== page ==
| comments (2) in Forest Carbon, Forest Finance & Economics, Risk Management, Timberlands

Ode to Alternative Assets: Timberland Investments, Liquidity, and Inflation

Markets for alternative, specialized assets – like vintage water pistols, 101-year-old scotch, and drivable Corvairs – must overcome high “search costs” to match suitable, qualified buyers and sellers. The abilities to evaluate, value, and manage such assets comprise a Rubik’s cube of characteristics that winnows the list of candidates able to get a deal done. Consider the case of investable timberland.

When timberland goes on the market, it is generally accepted that the seller knows more about their forest than you do, in almost every situation. Current owners know the roads and local markets and fishing holes. They know where the bodies are buried, figuratively and literally.

Buyers, on the other hand, do have their hand to play. They know their situation, skill set, and ability to pay. Any given forest may serve an investment thesis or objective unavailable to or unexecutable by the current owner. [Just because you know what a 90-mile an hour fastball looks like doesn’t mean you can throw one.] For timberlands, value-added strategies could include development projects, forest carbon, budgets for better seedlings, or conservation programs.

The opacity of trading alternative assets such as timberland is part of what makes them attractive, inflation-hedging, and diversifying. The frictions associated with buying and selling alternative assets create an illiquid space from the overall high-volume liquid markets for stocks and bonds.

In 2021, private timberlands as tracked by NCREIF returned 9.17% while inflation climbed to 4.7% (and beyond) for the year. Investors entered 2021 expecting inflation of 2-2.5% and real returns for timberlands of 4-6% (6-8% nominal). Higher inflation worries investors because it can translate into increased discount rates, which erode the present value of future cashflows in their valuation models and portfolios.

Think about inflation as the domestic exchange rate. In international markets, we trade, for example, dollars for euros. At home, the domestic inflation-affected exchange rate refers to the exchange rate between domestic currency and domestic goods and services. When inflation changes, it gets harder to “read” the market. It reduces the reliability of price signals, which complicates planning and projecting cashflows. Rising inflation masks economic relationships.

I am as guilty as the next person of applying words like liquidity and diversifying and spicy as if they communicate clean, commonly understood concepts available to all. In practice, many assets are illiquid relative to cash, bonds, or public stocks. Cars and homes take weeks and months to buy or sell. For institutional investors, buying into or selling out of private companies or private equity funds require months or years. While we can view this illiquidity as a constraint that limits short-term options, we can also see it as a protective moat that better preserves value for knowledgeable owners.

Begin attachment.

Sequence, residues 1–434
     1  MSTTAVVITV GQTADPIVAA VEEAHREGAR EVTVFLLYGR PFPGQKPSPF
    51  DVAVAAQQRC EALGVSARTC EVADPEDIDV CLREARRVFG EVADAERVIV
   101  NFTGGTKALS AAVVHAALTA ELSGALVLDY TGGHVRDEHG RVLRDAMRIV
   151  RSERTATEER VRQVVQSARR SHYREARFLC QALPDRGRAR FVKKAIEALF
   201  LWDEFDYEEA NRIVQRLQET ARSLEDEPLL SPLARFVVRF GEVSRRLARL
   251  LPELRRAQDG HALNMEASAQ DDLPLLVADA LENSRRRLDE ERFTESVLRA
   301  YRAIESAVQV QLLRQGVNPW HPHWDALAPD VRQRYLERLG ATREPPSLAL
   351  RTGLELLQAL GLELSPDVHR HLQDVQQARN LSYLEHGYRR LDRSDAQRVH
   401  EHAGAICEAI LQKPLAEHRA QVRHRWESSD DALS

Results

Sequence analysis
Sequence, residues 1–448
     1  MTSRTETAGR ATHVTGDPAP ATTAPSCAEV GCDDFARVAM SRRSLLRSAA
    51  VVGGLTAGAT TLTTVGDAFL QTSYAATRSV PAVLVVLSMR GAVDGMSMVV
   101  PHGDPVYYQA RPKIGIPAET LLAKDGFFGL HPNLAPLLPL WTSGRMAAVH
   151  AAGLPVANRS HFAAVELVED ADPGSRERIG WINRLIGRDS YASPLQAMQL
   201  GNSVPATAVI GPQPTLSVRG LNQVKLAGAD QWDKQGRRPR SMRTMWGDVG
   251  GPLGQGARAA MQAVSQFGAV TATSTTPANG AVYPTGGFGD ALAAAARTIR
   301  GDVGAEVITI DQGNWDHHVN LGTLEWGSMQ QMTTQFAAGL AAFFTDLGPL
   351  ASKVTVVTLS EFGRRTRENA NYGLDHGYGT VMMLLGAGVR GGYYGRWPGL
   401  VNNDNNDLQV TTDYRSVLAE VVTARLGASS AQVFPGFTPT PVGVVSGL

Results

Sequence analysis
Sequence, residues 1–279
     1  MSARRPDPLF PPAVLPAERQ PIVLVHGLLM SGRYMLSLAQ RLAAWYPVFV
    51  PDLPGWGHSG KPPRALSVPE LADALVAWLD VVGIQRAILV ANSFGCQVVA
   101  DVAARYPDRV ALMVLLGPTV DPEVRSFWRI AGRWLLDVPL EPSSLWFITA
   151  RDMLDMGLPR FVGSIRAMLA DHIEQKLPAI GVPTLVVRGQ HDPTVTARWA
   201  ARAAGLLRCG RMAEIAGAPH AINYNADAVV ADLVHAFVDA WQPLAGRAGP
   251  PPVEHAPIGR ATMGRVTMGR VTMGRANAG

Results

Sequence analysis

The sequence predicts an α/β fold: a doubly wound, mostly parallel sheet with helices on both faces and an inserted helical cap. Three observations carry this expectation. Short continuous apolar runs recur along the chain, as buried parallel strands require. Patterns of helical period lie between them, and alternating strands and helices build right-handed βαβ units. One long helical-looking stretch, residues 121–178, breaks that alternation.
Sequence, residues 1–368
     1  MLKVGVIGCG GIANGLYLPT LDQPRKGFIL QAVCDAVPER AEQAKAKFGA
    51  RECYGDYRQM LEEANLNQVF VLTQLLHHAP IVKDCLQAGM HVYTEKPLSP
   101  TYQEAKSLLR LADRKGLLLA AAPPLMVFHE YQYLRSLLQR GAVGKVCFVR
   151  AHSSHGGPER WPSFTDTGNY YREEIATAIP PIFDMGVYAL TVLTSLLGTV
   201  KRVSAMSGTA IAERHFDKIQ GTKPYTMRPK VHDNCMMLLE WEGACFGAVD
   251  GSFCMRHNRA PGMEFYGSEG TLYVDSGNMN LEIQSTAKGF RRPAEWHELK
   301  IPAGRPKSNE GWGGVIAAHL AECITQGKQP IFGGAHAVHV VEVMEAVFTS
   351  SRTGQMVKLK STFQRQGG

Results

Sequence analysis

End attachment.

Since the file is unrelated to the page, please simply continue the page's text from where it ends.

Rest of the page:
Comments (2)

  1. Sam Radcliffe / Reply

    Brooks, thanks for the Corvair reference. I drove my Dad’s ’64, just as pictured in the Wikipedia link, only lemon yellow, pun intended . We were knowledgeable owners, but skeletons still popped up on a regular basis.

    My view is that you only need to diversify that portion of your portfolio that is destined to provide cash on a regular basis. For example, in a portfolio of stocks and timberland, when you need cash but the stock market is down, the diversification provided by timberland does you no good, because it is illiquid. So prospective timberland investors need to understand very well what they are trying to achieve. Many institutional investors make a decision to get into timberland, then hire an expert to execute. Seems backward to me.

    • Brooks Mendell / Reply

      Sam: thank you for taking the time to read and comment. My Mom’s first car was a Corvair and, as she tells it, the engine fell out at some point, so the experiences seem to align… 🙂 Also, I appreciate your view on diversification. One thing to add, perhaps, is the wealth preservation aspect of the diversification. To me, liquidity is largely a function of time horizon. If you’re never in a hurry, you “always” have some measure of liquidity. On the value side, if you have time, the timberland never goes to zero, as you always have the land. I recognize and acknowledge part of this is psychological, so finding comfort (and having feelings) may be insufficient for cold-blooded financial analysis, but my mind does go there… Hope you are doing well! You are missed. – BCM

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